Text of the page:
Jesus didn’t do that. He never intended to do it. His kingdom isn’t of this world.
Jesus said exactly that when He appeared before Pilate:
Jesus Before Pilate
18:29-40 pp — Mt 27:11-18, 20-23; Mk 15:2-15; Lk 23:2, 3, 18-25
Jn 18:28 Then the Jews led Jesus from Caiaphas to the palace of the Roman governor. By now it was early morning, and to avoid ceremonial uncleanness the Jews did not enter the palace; they wanted to be able to eat the Passover. 29 So Pilate came out to them and asked, “What charges are you bringing against this man?”
Jn 18:30 “If he were not a criminal,” they replied, “we would not have handed him over to you.”
Jn 18:31 Pilate said, “Take him yourselves and judge him by your own law.”
“But we have no right to execute anyone,” the Jews objected. 32 This happened so that the words Jesus had spoken indicating the kind of death he was going to die would be fulfilled.
Jn 18:33 Pilate then went back inside the palace, summoned Jesus and asked him, “Are you the king of the Jews?”
Jn 18:34 “Is that your own idea,” Jesus asked, “or did others talk to you about me?”
Jn 18:35 “Am I a Jew?” Pilate replied. “It was your people and your chief priests who handed you over to me. What is it you have done?”
Jn 18:36 Jesus said, “My kingdom is not of this world. If it were, my servants would fight to prevent my arrest by the Jews. But now my kingdom is from another place.”
Jn 18:37 “You are a king, then!” said Pilate.
Jesus answered, “You are right in saying I am a king. In fact, for this reason I was born, and for this I came into the world, to testify to the truth. Everyone on the side of truth listens to me.”
Jn 18:38 “What is truth?” Pilate asked. With this he went out again to the Jews and said, “I find no basis for a charge against him. 39 But it is your custom for me to release to you one prisoner at the time of the Passover. Do you want me to release ‘the king of the Jews’?”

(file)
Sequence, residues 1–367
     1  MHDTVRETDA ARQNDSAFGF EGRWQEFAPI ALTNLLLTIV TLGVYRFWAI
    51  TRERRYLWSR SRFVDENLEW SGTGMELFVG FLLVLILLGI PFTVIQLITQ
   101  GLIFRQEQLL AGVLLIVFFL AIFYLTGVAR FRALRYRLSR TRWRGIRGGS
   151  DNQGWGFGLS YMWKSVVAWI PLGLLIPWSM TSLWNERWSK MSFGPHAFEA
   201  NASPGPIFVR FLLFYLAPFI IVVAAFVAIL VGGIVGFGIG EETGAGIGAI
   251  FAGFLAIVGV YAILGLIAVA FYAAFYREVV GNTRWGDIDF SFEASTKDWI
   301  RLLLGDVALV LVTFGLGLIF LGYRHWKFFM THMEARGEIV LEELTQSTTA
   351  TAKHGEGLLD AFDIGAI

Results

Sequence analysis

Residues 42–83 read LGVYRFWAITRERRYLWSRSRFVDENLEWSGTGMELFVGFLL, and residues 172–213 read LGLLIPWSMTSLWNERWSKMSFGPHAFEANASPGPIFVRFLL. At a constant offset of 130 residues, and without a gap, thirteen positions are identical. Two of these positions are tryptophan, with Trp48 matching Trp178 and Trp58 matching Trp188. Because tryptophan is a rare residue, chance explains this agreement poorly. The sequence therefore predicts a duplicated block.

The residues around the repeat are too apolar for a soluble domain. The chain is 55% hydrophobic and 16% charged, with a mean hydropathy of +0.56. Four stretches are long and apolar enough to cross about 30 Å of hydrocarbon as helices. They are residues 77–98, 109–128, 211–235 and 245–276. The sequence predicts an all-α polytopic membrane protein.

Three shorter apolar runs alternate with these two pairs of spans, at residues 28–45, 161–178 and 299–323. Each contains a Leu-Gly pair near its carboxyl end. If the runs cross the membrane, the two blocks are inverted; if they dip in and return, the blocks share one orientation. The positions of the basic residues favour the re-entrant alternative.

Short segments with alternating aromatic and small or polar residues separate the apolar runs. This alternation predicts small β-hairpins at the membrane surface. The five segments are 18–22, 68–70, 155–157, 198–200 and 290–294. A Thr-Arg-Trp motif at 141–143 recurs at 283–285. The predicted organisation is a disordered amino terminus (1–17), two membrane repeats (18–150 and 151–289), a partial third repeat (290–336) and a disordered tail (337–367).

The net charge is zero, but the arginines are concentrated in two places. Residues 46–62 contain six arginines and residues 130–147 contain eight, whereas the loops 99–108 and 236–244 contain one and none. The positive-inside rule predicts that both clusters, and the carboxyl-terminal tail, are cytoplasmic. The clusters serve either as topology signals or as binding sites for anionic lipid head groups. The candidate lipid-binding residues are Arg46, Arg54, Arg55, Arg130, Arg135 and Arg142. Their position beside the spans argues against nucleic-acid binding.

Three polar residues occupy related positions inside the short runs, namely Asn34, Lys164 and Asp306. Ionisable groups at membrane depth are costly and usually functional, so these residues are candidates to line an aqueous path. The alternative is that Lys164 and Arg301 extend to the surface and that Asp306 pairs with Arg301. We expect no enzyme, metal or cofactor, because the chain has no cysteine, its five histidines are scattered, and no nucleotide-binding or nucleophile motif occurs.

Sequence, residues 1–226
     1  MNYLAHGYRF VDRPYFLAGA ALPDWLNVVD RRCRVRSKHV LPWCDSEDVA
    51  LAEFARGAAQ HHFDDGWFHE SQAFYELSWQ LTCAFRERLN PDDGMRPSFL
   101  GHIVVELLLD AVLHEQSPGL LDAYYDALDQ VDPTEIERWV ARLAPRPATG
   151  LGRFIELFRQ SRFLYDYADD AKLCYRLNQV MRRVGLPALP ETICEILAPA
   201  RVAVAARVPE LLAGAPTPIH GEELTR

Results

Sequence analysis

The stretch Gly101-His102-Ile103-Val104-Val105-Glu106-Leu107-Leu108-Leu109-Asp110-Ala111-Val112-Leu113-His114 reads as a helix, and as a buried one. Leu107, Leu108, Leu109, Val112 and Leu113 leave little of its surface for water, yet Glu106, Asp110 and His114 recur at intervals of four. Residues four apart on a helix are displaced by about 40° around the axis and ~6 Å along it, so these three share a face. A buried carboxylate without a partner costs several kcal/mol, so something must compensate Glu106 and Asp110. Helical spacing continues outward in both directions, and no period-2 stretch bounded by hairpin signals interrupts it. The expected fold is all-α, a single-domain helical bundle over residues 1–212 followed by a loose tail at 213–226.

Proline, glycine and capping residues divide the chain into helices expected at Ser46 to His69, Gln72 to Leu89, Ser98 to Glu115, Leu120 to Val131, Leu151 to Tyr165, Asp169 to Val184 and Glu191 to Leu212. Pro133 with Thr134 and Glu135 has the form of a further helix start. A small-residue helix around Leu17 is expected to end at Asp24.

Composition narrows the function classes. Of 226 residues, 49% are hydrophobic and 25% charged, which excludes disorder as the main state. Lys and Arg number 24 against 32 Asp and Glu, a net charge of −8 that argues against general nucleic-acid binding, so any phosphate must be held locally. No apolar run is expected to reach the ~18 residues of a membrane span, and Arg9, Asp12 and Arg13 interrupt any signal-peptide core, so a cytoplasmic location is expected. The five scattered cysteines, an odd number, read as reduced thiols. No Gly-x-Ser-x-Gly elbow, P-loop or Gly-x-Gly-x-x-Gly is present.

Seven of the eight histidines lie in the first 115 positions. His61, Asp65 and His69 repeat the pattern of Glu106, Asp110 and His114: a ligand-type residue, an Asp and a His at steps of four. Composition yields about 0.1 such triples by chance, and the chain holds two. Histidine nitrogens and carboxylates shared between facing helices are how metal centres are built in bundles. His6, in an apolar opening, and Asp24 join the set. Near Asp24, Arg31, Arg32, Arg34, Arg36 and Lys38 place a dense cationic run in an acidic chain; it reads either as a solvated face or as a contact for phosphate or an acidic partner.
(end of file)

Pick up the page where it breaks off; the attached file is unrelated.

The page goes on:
Jn 18:40 They shouted back, “No, not him! Give us Barabbas!” Now Barabbas had taken part in a rebellion.
So Jesus’ kingdom wasn’t of this world.
In a very important way, neither is ours. Not if we’re true Christians, as opposed to Christian in name only.
One in Christ
Eph 2:11 Therefore, remember that formerly you who are Gentiles by birth and called “uncircumcised” by those who call themselves “the circumcision” (that done in the body by the hands of men)— 12 remember that at that time you were separate from Christ, excluded from citizenship in Israel and foreigners to the covenants of the promise, without hope and without God in the world. 13 But now in Christ Jesus you who once were far away have been brought near through the blood of Christ.
Eph 2:14 For he himself is our peace, who has made the two one and has destroyed the barrier, the dividing wall of hostility, 15 by abolishing in his flesh the law with its commandments and regulations. His purpose was to create in himself one new man out of the two, thus making peace, 16 and in this one body to reconcile both of them to God through the cross, by which he put to death their hostility. 17 He came and preached peace to you who were far away and peace to those who were near. 18 For through him we both have access to the Father by one Spirit.
Eph 2:19 Consequently, you are no longer foreigners and aliens, but fellow citizens with God’s people and members of God’s household, 20 built on the foundation of the apostles and prophets, with Christ Jesus himself as the chief cornerstone. 21 In him the whole building is joined together and rises to become a holy temple in the Lord. 22 And in him you too are being built together to become a dwelling in which God lives by his Spirit.
Paul starts off with an explanation. An explanation for why we are fellow citizens with God’s people and members of God’s household. And that makes us part of both “kingdoms”. Some things are required in this world. Others are according to God. And in that regard, Jesus told us:
Paying Taxes to Caesar
12:13-17 pp — Mt 22:15-22; Lk 20:20-26